Alexander Steen was on fire before suffering a concussion, yet still finished with career highs in goals and points.
Jasen Vinlove/Jasen Vinlove-USA TODAY Sports
ST. LOUIS — Doug Armstrong and Ken Hitchcock would rather not have been meeting the media under the circumstances they did Tuesday morning at Scottrade Center.
The Blues’ general manager and coach would much rather be preparing for the second round of the Western Conference playoffs than trying to explain what went wrong in the playoffs after a regular season in which the team established itself as one of the heavyweights in the NHL.
Both Armstrong and Hitchcock spoke about the Blues needing to finish off the Blackhawks in their first-round series when they had the opportunity after taking an early two-games-to-none lead — similar to the first-round series against the Kings in the 2013 playoffs.
"We need that killer instinct," Armstrong said. "We need to be able to, when you have a team down 2-0, you need to take the knife and jam it through their eye into their brain and kill them. We don’t do that."
That quote — yes, that rather graphic quote — might be what we’re left with after this remarkable regular season took another difficult turn and spiraled downward in the team’s last dozen games. But it’s important to remember the good times, too, so let’s take a look at the season as a whole, both the good and the bad.
Alexander Steen’s breakthrough. Steen had never scored more than 24 goals or 51 points in his first eight NHL seasons, but he emerged as an offensive force with a hot start.
Steen scored 11 goals in October, nine in November and then had tied his career high of 24 by late December when he was sidelined with concussion symptoms, which came just a few days after he signed a three-year contract extension worth $17.4 million.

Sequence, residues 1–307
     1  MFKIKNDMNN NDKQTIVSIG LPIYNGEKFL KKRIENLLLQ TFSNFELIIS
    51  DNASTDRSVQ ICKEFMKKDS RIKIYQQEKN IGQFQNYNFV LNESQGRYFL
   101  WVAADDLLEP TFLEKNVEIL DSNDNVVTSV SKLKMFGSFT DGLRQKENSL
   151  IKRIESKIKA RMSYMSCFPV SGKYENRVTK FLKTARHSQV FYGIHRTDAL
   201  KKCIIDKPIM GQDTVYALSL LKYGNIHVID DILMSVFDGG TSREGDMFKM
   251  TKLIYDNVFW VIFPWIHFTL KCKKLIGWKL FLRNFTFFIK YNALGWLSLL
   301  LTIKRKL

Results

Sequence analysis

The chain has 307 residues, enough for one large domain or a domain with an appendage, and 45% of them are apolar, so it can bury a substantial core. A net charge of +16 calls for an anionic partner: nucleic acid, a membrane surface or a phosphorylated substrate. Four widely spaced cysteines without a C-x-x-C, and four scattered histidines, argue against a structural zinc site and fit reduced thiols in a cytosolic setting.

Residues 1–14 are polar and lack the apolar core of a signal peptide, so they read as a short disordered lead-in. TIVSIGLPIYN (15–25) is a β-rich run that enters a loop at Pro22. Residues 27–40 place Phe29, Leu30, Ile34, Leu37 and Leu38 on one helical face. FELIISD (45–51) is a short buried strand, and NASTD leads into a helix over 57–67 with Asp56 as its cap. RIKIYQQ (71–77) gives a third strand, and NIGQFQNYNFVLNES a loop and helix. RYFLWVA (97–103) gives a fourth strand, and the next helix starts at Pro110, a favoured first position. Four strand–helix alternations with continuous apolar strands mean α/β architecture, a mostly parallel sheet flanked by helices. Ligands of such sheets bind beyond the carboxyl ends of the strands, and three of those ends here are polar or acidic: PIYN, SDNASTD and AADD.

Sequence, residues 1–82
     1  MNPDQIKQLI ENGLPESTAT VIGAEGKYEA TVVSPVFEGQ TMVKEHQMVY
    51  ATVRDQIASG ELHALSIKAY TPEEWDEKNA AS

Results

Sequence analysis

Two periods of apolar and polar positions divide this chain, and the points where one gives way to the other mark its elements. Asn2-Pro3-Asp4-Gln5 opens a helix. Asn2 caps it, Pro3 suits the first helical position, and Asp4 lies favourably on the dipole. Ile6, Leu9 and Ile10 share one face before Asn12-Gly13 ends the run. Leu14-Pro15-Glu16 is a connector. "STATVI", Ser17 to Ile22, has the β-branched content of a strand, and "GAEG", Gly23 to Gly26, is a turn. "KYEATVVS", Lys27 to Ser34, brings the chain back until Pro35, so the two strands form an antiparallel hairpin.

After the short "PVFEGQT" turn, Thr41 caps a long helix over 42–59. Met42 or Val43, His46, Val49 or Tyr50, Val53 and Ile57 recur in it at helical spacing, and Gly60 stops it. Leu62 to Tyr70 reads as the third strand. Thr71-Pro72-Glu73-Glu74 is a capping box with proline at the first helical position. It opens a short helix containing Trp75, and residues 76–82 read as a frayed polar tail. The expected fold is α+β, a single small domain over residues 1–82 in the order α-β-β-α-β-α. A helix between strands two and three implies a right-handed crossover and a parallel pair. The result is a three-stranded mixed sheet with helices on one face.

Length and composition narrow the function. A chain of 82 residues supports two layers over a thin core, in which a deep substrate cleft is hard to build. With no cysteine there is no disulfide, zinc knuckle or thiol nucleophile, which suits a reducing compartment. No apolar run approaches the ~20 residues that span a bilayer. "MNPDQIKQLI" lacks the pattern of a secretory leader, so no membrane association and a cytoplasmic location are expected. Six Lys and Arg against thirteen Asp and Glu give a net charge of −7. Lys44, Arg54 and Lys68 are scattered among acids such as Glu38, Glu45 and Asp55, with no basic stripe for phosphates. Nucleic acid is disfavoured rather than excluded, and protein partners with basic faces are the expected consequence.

Steen couldn’t keep up his scoring binge when he returned to the lineup, but he still finished with 33 goals and 29 assists for 62 points — leading the Blues in goals and scoring — in just 68 games.
Emergence of Jaden Schwartz and Vladimir Tarasenko. The Blues’ youngest regulars, Schwartz and Tarasenko, both emerged as core players for St. Louis in just their second full seasons.
Schwartz, 21, accounted for 25 goals and 31 assists for 56 points and a team-best plus-minus rating of plus-28 in 80 games while playing primarily on the team’s No. 1 and No. 2 lines.
In 64 games, with his regular season cut short by a hand injury, Tarasenko, 22, tallied 21 goals and 22 assists for 43 points and a plus-20 rating. Then he scored four goals in the playoffs, giving him 25 in 70 games.
It’s easy to envision both youngsters as 30-goal scorers as soon as next season and key offensive contributors for the next several seasons.
The Blues through 76 games. The Blues’ victory against visiting Buffalo on April 3 put them at 52-17-7 with 111 points, which tied them with the Bruins for the top spot in the NHL and also tied their franchise record for wins in a season.
Most everything was going well for St. Louis at that point. The Blues got a shutout from Ryan Miller in the overtime win against Philly a few days earlier and had yet to lose more than two games in a row all season.
Despite that, there were signs that the team wasn’t playing its best.
"If we’re honest with ourselves, we can play way better," Maxim Lapierre said after that win. "There’s no way we’re happy with our effort tonight. We’re going to have to fix it."
Six-game losing streak. The Blues went on to lose their final six games of the regular season, which dropped them from the top spot in the Western Conference to second in the Central Division behind Colorado.